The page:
Wijk aan Zee really has tradition, and a fantastic present line-up. It's definitely a Chess Festival for hundreds of players.

> Wijk aan Zee offers the sole all-play-all international tournament in classical chess to invite more than ten players today!

> Wijk aan Zee, and the Capablanca Memorial (Havana, Varadero et al.) are today the only two all-play-all international (super)tournaments in classical chess still to establish a strong B-group as it was a longtime tradition in chess:

Wijk aan Zee, TATA Steel B: Challengers (14 players); Capablanca Memorial B: Premier (10 players, the elite tournament has 6 players at the moment).

> Wijk aan Zee seems to be the only tournament (existing more than let's say twenty years) with a complete database, including all games and information about every player who has participated at Beverwijk and Wijk aan Zee in the past eight decades (!) since 1938 on its website:

And don't forget the pea soup :) served for all players as the first course of the concluding banquet, as a memory of the hunger winters during World War II.

<The Wimbledon of Chess> is a strong Narrative, I think, Wijk aan Zee deserves it.

Premium Chessgames Member
  MissScarlett: Do you work in advertising?

I'm not saying it couldn't or even shouldn't be called it; I'm saying it hasn't, it isn't, and, most probably, it won't.

Premium Chessgames Member
  diagonal: <MS> If one has no argument, it's always a weapon of last resort to come with general claims such as "do you work in advertising?" You did not give any reason why Wiik aan Zee hasn't / isn't / and won't be (sic!) the Wimbledon of chess.

Must be a personal matter of taste, but your bashing and poor prognosis without any argument just makes you look like frustrated.

Having no business connection to Tata Steel whatsoever, I love chess and I'm grateful that Beverwijk / Wijk aan Zee still and again is a very flourishing tournament series: <The Wimbledon of Chess>, a closer look is given above.

Premium Chessgames Member
  perfidious: <diagonal> While in agreement with <Divine Miss S> that, so far as I know, that fine event at Wijk aan Zee has never been styled 'the Wimbledon of chess', his gratuitous slagging is regrettable.

I share your enthusiasm for chess and welcome your thoughts on this or other pages.

Keep up the good work!!

Oct-31-16  kappertjes: I don't like the Wimbledon comparison mainly because I don't care for tennis and would rate Wijk higher than Wimbledon.

<with a complete database, including all games and information about every player who has participated at Beverwijk and Wijk aan Zee in the past eight decades>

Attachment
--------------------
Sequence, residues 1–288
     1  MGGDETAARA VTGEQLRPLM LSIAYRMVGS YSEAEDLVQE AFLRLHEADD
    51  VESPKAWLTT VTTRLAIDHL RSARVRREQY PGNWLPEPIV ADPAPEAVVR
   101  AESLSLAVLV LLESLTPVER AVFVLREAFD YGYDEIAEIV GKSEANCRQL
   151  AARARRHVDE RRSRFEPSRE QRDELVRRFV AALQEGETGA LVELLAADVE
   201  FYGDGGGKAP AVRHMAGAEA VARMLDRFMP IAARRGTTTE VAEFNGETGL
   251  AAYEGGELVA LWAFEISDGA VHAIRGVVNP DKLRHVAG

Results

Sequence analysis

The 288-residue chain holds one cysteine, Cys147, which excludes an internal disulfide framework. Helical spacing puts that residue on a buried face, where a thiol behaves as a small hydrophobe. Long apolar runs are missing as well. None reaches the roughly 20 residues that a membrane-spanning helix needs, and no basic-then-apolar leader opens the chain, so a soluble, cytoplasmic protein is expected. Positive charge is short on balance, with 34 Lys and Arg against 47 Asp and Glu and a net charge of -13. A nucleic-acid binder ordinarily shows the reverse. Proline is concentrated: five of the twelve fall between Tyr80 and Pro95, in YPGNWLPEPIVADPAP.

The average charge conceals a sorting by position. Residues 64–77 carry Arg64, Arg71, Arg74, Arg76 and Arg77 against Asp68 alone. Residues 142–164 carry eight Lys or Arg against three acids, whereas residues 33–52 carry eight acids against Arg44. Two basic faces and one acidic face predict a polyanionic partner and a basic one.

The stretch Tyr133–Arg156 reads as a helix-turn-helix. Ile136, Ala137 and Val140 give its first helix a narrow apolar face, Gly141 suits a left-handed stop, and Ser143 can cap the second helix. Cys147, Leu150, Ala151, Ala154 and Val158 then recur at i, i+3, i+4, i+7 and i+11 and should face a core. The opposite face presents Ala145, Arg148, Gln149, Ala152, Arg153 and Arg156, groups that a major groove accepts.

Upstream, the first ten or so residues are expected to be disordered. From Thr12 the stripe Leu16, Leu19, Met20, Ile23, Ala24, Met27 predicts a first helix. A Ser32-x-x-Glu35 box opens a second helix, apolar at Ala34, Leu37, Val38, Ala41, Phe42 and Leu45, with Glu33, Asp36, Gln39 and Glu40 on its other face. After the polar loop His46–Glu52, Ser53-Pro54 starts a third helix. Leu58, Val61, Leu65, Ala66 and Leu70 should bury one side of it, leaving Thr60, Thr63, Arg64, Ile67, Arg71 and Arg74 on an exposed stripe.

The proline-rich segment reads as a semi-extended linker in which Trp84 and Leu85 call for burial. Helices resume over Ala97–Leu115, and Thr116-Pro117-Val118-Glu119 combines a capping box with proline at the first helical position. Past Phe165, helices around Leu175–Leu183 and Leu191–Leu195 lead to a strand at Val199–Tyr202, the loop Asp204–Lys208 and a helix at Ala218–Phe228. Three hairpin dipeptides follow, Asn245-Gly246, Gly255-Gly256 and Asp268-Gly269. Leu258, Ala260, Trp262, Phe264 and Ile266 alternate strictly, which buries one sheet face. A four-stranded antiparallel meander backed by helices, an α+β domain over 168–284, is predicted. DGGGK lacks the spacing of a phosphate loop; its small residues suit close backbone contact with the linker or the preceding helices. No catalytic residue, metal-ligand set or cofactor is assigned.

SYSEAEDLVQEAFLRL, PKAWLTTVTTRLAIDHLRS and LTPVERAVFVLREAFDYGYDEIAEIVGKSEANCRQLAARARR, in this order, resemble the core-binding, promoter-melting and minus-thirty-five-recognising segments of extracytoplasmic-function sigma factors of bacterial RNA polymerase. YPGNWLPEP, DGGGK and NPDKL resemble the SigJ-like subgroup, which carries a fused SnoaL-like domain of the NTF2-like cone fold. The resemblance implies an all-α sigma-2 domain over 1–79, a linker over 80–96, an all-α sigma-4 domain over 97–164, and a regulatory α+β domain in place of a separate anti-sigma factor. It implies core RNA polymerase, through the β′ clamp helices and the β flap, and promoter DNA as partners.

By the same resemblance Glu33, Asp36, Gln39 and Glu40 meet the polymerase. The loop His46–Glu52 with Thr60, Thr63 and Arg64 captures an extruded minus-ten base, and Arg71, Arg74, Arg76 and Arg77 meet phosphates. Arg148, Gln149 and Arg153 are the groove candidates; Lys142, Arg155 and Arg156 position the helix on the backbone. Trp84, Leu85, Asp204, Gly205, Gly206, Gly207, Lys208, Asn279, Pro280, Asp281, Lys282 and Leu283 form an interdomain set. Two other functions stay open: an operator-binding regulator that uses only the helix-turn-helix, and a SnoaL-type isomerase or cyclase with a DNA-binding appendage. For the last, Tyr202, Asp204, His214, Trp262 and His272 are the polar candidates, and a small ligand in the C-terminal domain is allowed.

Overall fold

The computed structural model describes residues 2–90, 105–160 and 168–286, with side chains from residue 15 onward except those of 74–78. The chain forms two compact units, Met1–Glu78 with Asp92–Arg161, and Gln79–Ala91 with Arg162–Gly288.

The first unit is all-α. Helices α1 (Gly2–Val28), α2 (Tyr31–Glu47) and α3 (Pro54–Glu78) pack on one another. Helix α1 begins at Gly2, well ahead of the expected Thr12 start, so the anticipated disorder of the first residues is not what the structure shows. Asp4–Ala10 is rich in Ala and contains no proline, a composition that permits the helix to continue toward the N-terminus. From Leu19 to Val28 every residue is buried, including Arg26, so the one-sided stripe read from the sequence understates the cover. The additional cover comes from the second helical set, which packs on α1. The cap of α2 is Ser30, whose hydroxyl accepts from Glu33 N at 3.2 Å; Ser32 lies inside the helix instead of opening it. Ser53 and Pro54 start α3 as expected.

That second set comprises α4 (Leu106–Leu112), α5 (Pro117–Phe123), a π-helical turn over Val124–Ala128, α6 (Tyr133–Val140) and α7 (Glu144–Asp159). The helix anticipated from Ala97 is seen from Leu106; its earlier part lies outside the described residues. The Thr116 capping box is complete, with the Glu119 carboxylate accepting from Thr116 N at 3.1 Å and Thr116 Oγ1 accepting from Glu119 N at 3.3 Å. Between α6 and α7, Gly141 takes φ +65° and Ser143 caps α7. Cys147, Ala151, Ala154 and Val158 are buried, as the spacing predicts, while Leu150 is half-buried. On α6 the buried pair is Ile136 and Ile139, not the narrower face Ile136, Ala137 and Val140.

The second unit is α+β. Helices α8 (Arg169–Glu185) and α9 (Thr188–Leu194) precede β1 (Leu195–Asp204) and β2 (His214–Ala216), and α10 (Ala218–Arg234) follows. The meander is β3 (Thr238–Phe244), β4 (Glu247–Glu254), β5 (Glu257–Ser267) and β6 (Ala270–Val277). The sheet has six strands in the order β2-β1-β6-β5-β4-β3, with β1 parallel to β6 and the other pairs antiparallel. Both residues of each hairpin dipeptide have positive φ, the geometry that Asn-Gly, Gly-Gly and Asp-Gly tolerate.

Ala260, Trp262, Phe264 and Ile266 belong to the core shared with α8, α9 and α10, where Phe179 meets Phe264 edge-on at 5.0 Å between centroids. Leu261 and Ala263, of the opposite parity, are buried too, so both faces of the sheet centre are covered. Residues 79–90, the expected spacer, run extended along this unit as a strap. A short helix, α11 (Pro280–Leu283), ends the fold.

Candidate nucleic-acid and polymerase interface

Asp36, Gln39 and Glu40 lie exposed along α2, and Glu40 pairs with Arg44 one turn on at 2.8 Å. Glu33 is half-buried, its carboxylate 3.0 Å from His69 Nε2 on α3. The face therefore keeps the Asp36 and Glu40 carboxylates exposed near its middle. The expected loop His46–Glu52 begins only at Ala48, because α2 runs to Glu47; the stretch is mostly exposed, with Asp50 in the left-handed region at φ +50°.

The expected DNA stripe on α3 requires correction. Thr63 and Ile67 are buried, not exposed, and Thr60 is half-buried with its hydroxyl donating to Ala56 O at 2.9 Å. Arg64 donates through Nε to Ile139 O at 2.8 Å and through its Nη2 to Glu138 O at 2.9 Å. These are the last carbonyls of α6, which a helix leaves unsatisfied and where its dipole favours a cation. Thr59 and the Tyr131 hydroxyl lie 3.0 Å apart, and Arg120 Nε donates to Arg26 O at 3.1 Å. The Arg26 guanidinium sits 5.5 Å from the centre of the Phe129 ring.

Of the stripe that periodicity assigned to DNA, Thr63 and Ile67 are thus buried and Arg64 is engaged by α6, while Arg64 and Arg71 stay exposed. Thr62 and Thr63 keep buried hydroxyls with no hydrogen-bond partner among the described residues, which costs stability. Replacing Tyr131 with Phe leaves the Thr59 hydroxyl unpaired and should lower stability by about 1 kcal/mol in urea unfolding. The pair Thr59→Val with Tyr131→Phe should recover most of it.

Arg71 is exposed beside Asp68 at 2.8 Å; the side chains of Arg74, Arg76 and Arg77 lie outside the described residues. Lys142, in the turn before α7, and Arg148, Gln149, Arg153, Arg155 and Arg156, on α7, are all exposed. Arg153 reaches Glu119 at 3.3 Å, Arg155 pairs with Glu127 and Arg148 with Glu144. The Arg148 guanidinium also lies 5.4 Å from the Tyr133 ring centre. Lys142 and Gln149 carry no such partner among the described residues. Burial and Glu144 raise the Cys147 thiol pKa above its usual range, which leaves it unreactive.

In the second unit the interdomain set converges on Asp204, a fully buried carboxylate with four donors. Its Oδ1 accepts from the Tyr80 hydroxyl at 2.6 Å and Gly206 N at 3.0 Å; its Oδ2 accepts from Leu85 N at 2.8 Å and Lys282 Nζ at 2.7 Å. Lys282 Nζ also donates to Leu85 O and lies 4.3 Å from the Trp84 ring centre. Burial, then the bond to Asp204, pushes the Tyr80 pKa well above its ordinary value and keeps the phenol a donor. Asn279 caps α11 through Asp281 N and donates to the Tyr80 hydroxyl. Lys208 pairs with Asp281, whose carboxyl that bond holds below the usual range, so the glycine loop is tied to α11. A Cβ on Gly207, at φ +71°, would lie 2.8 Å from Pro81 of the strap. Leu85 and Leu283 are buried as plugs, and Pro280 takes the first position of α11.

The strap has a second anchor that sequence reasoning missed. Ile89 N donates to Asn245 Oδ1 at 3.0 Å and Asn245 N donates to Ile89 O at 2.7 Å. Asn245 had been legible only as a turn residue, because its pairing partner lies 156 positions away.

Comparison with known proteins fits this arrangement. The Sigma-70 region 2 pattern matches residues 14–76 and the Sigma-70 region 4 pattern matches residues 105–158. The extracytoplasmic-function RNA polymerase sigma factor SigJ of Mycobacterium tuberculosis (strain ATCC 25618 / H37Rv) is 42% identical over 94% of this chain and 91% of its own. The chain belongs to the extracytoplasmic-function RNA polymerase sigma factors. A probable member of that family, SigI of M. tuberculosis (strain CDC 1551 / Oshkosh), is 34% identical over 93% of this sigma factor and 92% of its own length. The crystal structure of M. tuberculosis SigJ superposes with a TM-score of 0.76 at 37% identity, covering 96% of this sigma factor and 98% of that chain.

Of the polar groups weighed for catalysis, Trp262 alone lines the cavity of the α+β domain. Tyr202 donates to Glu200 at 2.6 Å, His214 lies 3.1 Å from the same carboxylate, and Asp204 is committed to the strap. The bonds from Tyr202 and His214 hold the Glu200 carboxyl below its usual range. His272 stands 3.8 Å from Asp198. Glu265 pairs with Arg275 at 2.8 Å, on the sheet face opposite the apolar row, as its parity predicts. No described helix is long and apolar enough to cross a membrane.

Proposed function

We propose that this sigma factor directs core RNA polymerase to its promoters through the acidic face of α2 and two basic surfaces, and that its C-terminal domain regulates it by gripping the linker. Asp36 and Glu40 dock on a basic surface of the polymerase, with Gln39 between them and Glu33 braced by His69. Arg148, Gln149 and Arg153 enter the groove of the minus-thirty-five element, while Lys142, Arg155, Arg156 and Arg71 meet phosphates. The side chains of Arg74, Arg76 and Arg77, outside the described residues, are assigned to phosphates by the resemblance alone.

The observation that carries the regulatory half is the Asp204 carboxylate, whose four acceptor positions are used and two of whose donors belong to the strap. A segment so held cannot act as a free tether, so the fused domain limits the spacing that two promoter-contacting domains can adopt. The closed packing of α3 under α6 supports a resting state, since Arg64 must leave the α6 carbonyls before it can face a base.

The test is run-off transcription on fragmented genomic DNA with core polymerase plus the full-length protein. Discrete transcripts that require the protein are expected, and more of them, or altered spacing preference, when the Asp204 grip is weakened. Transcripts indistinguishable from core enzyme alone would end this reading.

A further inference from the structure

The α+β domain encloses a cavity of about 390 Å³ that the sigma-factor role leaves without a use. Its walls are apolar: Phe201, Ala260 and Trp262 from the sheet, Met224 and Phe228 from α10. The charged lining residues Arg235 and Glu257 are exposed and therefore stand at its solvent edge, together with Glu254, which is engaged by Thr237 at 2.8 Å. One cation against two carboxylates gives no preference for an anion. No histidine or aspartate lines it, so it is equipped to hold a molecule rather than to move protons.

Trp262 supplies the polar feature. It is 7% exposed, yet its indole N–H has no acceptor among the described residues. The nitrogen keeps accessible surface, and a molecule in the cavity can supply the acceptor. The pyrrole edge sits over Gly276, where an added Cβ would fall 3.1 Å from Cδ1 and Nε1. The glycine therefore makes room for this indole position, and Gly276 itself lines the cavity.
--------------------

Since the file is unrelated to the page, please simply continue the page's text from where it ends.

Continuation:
Fun stuff. So we learn that Kasparov and Spassky both have wijk-winrates of 73%. Both are clearly behind the legendary Arnold van der Hoek at 78%. Thing is the site calls it win% as well as score, which does not seem to me to be the same thing.

Dec-17-16  fisayo123: So after his Tal Memorial win, will he get a spot in the Grand Chess Tour?

It won't surprise me if he doesn't since many things in the "chess world" aren't exactly based on merit.

Dec-17-16  gopi11: He should be included in the GCT next year, he's the second hottest player of 2016, next only to his Olympiad tormentor...
Dec-28-16  gopi11: It's unfortunate that Nepo's play fizzled out in the last 2 rounds of the World Rapids Championship after a sizzling start, but I still believe he earned the right to be chosen at the next GCT...
Premium Chessgames Member
  cro777: Nepo got a spot in the Grand Chess Tour 2017!

The 2017 Grand Chess Tour wildcard selections have been finalised and the following three players have been offered wildcards for the 2017 Grand Chess Tour:

1 Ian Nepomniachtchi

2 Sergey Karjakin

3 Viswanathan Anand

"GM Ian Nepomniachtchi earns his place due to his consistency across all time formats which sees him placed 5th on the URS (Universal Rating List) as at 1 January 2017. This earned him selection as the highest ranked player on the URS not already picked."

Jan-04-17  gopi11: Good for Yan!
Jan-04-17  fisayo123: I wonder what Anand did to "earn" his place, other than the fact he's Anand.
Premium Chessgames Member
  cro777: GCT Announcement: "The final wildcard has been awarded to former World Champion Viswanathan Anand who is ranked 10th on the URS rating list as at 1 January 2017. He also tied for 4th place in the 2016 GCT tour despite only competing in three of the four events in 2016."
Premium Chessgames Member
  Eyal: The three last players of the nine series regulars announced qualified by this newfangled URS (universal rating system) of theirs - It goes 1.Carlsen (already qualified by classical rating) 2.Kramnik (already qualified by classical rating) 3.Nakamura (already qualified as 2nd in the 2016 series) 4.Caruana (already qualified as 3rd in the 2016 series) 5.Nepomniachtchi (1st to qualify by URS) 6.Karjakin (2nd to qualify by URS) 7.So (already qualified as winner of the 2016 series) 8.MVL (already qualified by classical rating). So one more qualifying spot by URS remains, and Anand got it despite being #10 and Grischuk being #9 - I suppose Grischuk turned down the invitation?! (Aronian, #11 in this list, is 1st replacement).
Premium Chessgames Member
  Eyal: Compared to last year's series the new faces are Karjakin & Nepomniachtchi, Carlsen is back as a regular participant rather than a wild card, whereas Aronian, Giri & Topalov are out.
Premium Chessgames Member
  SugarDom: Go Nepo! Deliver that 4th round knock-out!
Premium Chessgames Member
  wordfunph: That's not a sure thing against Joshua Ruiz
Sep-04-17  ketchuplover: 9 move draw. shame on thee and or thou!
Mar-29-18  Nazmul Lincoln: Great player
Premium Chessgames Member
  WTHarvey: Here are 35 puzzles from his games: Find the winning moves.
Premium Chessgames Member
  Ironmanth: Happy birthday, Grandmaster! Thanks, Ian, for many attacking games/ideas/energy over these last years. Keep the hammer down, and sending appreciation for what you bring to the royal game!